– First of all, any de­ci­sions of G7 are made by con­sen­sus. And there is no con­sen­sus to bring­ing Rus­sia back to G7. I do not think there is any chance for Rus­sia so far. Of course the po­si­tion of Ja­panese gov­ern­ment is to en­gage with Rus­sia, it is im­por­tant not just to iso­late Rus­sia, but also talk for the set­tle­ment of the is­sue of Ukraine. And I don’t think this could af­fect the po­si­tion of G7 on Ukrainian is­sue. If you look at the com­mu­nique, it is clear. Though Mr. Trump said that US could with­draw it, what he said was about eco­nomic area. And on Ukrainian is­sue the po­si­tion of US is the same that re­flected in a state­ment, that Crimea’s an­nex­a­tion is il­le­gal and G7 never ac­cept it. And also the im­por­tance of the Minsk agree­ments re­mains un­changed as Rus­sia should stop mil­i­tary and eco­nomic as­sis­tance to the rebels in eastern Ukraine. I don’t think there is any change among G7 to this area. On top of that, we have in Ukraine the G7 Am­bas­sadors' Sup­port Group. This group is very ac­tive at work­ing in close har­mony. With other Am­bas­sadors, we meet some­times twice a week. We dis­cuss al­most all agen­das re­gard­ing the re­forms. I think we are very united; you don’t need to worry about the unity of G7 on is­sue of Ukraine.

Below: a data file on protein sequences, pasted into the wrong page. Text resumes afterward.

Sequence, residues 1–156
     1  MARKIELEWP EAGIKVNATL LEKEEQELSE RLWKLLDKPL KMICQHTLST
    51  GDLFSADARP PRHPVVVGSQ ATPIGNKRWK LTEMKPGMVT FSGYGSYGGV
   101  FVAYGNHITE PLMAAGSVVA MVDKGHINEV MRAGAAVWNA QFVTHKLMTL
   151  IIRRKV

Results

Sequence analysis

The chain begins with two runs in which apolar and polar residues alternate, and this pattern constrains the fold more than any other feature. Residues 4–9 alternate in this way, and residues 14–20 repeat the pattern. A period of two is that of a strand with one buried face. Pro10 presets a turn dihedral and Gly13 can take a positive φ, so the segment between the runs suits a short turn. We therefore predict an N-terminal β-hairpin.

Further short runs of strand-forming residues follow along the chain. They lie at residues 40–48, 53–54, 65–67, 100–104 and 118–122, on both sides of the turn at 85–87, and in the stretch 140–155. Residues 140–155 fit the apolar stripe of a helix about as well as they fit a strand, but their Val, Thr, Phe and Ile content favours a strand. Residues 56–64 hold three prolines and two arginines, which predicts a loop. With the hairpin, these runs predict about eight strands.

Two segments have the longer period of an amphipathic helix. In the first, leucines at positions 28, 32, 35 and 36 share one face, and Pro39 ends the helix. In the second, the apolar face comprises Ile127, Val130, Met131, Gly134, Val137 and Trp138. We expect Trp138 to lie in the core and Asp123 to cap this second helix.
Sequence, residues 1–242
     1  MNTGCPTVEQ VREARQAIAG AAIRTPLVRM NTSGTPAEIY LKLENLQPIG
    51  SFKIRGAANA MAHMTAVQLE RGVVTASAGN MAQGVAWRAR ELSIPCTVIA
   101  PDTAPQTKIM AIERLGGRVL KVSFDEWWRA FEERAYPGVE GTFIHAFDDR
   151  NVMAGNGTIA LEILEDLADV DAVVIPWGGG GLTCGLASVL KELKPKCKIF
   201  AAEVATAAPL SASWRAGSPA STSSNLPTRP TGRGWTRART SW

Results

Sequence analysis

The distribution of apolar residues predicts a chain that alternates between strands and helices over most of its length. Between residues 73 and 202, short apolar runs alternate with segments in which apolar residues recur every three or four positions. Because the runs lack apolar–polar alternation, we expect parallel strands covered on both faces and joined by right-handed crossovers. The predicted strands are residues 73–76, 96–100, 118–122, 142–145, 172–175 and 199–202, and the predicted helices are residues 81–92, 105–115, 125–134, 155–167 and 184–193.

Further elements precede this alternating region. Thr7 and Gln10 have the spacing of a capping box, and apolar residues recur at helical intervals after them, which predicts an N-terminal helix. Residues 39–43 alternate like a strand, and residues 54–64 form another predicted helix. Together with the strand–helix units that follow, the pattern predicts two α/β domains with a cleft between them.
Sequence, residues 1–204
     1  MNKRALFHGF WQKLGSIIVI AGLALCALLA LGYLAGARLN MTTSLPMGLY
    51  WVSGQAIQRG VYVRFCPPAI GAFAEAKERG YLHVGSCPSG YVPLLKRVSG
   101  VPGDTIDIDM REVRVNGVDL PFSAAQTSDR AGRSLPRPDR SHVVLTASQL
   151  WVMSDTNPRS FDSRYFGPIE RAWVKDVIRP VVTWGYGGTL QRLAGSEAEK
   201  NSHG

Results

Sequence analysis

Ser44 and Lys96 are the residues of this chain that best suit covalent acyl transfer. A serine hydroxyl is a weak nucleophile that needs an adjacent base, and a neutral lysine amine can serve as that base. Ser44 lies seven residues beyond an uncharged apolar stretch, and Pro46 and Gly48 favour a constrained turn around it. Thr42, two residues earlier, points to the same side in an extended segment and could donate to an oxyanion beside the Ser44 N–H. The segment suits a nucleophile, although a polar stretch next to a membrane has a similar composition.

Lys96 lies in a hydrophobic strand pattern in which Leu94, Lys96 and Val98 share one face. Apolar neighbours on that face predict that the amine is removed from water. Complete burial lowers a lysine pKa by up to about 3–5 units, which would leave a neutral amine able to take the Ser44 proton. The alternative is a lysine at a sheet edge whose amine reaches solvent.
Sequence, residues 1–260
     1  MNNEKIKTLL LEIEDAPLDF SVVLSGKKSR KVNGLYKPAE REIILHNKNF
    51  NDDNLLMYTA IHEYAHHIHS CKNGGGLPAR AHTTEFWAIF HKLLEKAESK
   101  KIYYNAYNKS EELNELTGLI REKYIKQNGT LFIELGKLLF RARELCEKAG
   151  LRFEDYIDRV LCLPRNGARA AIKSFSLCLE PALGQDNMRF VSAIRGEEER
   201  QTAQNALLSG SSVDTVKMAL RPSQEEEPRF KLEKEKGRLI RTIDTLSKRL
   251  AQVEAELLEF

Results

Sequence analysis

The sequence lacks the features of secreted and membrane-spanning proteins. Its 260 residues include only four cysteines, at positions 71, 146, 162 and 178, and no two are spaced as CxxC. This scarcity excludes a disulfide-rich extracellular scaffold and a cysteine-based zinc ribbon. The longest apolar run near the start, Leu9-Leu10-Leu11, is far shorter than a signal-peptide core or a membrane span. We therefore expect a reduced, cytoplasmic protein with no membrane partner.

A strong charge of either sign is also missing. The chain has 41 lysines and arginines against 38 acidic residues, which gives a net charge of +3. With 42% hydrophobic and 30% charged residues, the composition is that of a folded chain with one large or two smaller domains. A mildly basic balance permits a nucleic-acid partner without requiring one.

Af­ter the elec­tion of Don­ald Trump US-Ja­pan re­la­tions started at a high note. Now, we see grow­ing dif­fer­ences be­tween the US and Ja­pan on trade is­sues. This seems to in­ten­sify Ja­pan-China eco­nomic in­ter­ac­tion and turn Ja­pan into a re­gional free-trade cham­pion. How do you ex­pect these de­vel­op­ments to af­fect Ja­pan-US re­la­tions over­all? Do you ex­pect them to im­pact Ja­pan-US se­cu­rity al­liance?

– Since Pres­i­dent Trump came to of­fice our re­la­tions are very good. Ja­panese Prime min­is­ter Abe has met him per­son­ally al­ready seven times and has nu­mer­ous phone con­ver­sa­tions. There is a very close sort of com­mu­ni­ca­tion es­tab­lished be­tween our lead­ers. Of course, there is a dis­cus­sion on is­sue of trade, be­cause some peo­ple say that why Ja­pan is keep to ex­port­ing so many prod­ucts to US rather to im­port­ing. But you should look also at in­vest­ment. The United States have nu­mer­ous Ja­panese com­pa­nies, nu­mer­ous fac­to­ries. You should look on the econ­omy over­all. Ja­panese con­tri­bu­tion into US econ­omy is enor­mous. So I’m not very much wor­ried about this trade is­sue.